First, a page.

“From ‘Shalom Aleichem’ to ‘Live Long and Prosper’: Engaging with Post-War American Jewish Identity via Star Trek: the Original Series”, a chapter in Set Phasers to Teach!: Star Trek in Research and Teaching
“The Charming Home”: a section of my thesis/some writing on the history of British domestic magic
‘Highgate Cemetery: Victorian Valhalla’, by Felix Barker (review)

David Copperfield, 1913 Silent Film (review)
David Copperfield, 1966 BBC series with Ian McKellen (review)
Canterbury: architecture and David Copperfield plot locations
“David Copperfield” Material in the BFI Archive
Dickens for Children


1. No Holds Bard, a queer Shakespeare anthology I have a story in:

“Couched in a Curious Bed”: Having lost his youngest son, a shaken but still-living York is determined to bring the War of the Roses to a swift end – preferably one that will benefit his family. The Lancastrian queen and heir are dead, and, medieval diplomacy being what it is, the best hope for peace lies in a highly unexpected royal marriage.

You can purchase this book here.

2. I have a story in the erotica anthology Owning It. “Rereading”: Avery is about to leave for uni, and her step-father’s paralegal Sheba thinks they should actually talk about their long-running sexual tension before she does. Contains a nasty, loaded argument about Gaudy Night and realisations about one’s sexuality by way of a very butch haircut and very femme nails.

You can purchase this book here.

3. The erotica anthology Corrupted includes my story “Solo Exhibition”, in which cookbook writer Usha plays Scheherazade for her foreign rights agent (and definitely not boyfriend) Jory. You can buy it at Amazon and various other outlets.


I have at least two more erotica fiction sales and two nonfiction things pending, but they’re not out yet so I can’t direct you to them. I also have a chapter in an edited volume, but I’d like to see my contributor copy before I chat it up.

There’s three REALLY exciting things I can’t yet talk about unfortunately, but hopefully they won’t fall through (shouldn’t do, but you never know) and you’ll hear in due course!

‘Highgate Cemetery: Victorian Valhalla’, by Felix Barker (Review)


(The book’s photographs were taken by John Gay. The photographs in this post are bad, and mine.)

Lawrence had this book at his house, so I jumped at the chance to borrow it. It’s hard to know what notes to take here: I need this for a project on London’s major Victorian commercial/garden cemeteries (the Magnificent Seven) I’ll be starting in earnest at the very earliest this time next year. I don’t yet know what that project’s organisational schema will be, and I’m quite tempted to make a copy of this whole damn book (only 44 pages of text, followed by 64 pages of photographs, an index to these and a very rough plan of the cemetery). But that accomplishes no organisational work at all, and so even if I have to refer back to the book later, I’d like to do some winnowing.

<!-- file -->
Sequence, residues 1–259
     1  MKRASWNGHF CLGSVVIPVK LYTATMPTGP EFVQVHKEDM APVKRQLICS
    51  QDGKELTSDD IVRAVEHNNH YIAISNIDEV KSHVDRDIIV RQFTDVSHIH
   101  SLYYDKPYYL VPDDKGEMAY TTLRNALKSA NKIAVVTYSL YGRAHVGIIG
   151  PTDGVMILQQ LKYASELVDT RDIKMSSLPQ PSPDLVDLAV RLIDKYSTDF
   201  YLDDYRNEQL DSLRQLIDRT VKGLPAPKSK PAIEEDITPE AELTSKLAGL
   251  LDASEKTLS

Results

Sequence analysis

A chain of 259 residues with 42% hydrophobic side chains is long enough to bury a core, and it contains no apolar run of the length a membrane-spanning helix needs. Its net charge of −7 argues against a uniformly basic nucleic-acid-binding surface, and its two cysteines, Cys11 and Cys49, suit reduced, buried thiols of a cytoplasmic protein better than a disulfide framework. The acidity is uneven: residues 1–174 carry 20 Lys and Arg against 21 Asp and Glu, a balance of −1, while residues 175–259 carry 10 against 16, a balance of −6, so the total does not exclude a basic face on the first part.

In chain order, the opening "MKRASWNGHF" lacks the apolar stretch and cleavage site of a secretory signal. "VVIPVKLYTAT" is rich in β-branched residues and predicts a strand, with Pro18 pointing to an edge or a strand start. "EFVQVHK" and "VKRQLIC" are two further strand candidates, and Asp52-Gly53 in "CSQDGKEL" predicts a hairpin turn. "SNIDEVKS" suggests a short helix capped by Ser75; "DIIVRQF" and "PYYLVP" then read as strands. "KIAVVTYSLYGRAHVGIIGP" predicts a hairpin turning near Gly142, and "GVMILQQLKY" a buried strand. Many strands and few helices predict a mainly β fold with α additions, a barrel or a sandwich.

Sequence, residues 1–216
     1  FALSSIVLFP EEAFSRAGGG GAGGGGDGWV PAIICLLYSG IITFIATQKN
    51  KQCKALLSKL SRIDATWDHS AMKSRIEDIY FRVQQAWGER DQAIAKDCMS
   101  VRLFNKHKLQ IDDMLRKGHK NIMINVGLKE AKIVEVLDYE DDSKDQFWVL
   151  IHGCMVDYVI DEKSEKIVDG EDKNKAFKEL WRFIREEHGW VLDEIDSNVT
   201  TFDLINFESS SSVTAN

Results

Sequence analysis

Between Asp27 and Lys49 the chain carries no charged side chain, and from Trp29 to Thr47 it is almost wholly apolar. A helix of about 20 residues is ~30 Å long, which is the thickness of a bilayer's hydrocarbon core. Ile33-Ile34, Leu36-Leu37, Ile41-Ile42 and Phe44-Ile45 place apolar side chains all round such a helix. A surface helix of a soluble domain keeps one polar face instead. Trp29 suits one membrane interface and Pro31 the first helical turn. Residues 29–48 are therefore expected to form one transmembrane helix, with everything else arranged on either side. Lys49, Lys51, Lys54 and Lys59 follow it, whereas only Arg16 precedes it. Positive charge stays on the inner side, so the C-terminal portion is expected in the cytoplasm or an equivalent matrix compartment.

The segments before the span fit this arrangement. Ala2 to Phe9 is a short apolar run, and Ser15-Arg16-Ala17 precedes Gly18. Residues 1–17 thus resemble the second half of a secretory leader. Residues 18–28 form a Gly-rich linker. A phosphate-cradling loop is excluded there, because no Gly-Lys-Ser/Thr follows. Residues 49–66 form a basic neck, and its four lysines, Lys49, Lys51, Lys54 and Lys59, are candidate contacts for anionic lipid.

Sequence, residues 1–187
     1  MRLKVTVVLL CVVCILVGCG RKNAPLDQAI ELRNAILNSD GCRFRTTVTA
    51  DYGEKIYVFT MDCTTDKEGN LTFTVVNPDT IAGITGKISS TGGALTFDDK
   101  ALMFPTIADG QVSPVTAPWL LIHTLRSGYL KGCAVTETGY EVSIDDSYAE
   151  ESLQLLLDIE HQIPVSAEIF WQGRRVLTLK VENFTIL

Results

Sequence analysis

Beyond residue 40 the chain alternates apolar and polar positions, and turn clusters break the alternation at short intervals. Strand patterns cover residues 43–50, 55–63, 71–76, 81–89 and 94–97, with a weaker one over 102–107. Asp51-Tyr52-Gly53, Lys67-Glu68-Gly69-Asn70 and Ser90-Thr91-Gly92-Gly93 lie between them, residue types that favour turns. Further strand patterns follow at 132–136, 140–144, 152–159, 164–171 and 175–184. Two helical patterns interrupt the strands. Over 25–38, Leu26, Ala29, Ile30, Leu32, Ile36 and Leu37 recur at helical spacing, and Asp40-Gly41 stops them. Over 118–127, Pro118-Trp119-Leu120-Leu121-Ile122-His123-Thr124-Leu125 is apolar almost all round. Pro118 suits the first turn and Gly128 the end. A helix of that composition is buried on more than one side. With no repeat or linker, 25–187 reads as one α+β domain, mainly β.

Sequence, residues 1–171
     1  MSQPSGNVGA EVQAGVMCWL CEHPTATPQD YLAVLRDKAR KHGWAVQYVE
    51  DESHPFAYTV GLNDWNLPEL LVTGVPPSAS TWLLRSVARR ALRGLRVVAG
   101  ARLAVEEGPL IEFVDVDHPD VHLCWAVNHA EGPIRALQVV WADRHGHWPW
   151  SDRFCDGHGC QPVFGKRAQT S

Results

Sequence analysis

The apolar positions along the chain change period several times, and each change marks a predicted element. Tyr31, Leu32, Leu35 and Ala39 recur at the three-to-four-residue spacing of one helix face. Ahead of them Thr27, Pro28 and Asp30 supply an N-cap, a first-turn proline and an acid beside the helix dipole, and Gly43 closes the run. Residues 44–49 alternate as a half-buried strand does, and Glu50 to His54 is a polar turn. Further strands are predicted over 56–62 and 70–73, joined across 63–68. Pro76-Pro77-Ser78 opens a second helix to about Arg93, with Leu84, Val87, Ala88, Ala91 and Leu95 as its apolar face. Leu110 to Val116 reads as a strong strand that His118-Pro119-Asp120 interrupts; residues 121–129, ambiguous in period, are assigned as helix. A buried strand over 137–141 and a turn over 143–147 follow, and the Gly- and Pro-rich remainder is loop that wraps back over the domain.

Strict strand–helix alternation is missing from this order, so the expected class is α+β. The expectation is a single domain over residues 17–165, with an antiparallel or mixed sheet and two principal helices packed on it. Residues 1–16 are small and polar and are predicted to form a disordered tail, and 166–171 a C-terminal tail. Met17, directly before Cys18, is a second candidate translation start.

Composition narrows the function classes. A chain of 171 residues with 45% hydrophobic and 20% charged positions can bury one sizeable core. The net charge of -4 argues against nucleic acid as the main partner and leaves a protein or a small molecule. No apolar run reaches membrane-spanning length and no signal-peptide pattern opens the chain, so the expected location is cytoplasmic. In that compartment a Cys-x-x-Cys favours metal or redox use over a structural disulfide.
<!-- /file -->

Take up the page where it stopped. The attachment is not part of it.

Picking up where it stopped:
To begin, this is very much a ‘Friends of Highgate Cemetery’ production, and so while it’s enormously useful for its gleanings from archival records and the details derived from its access to first-hand knowledge about the restoration efforts, the book is somewhat limited in scope. It hardly mentions the other chief cemeteries which I consider very much a part of these grounds’ development, and it’s not necessarily focused on changes in death culture over time. The book’s comments about records absolutely convince me that I really ought to contact the various Friends Associations before I embark on my research project: they’ve very much got the archival hook-up, and seem to know a fair amount about the apparently sketchy records of burials/plot maps.

This book is out of print, difficult to get and almost 35 years old. If you track it down, it’ll be used anyway (good photos, worth a shout if you can get it cheap). Thus I’m really not going to scruple about over-citation here. I’ve provided all the page numbers; job’s a goodun’. If you’d like to support the Friends’ work, you can learn more about them here.

Some Notes:

  • Typical arrangements for a funeral: family coaches approach in order of precedence with blinds lowered (sounds like hired funeral coaches?), doctor in his own transport, then servants and co-workers. (p 7) These meet extended family and people alerted to the loss and funeral time by a newspaper advertisement at the cemetery, where a service may be held if this hasn’t already happened at the family’s local place of worship. This is the family’s first public appearance since the death. The coffin goes around one of the side-paths, the mourners walk up the more direct central path. There’s a short word from the minister at the graveside. Afterwards, mourners often return to the family home after for a reception with refreshments. (p 8-9)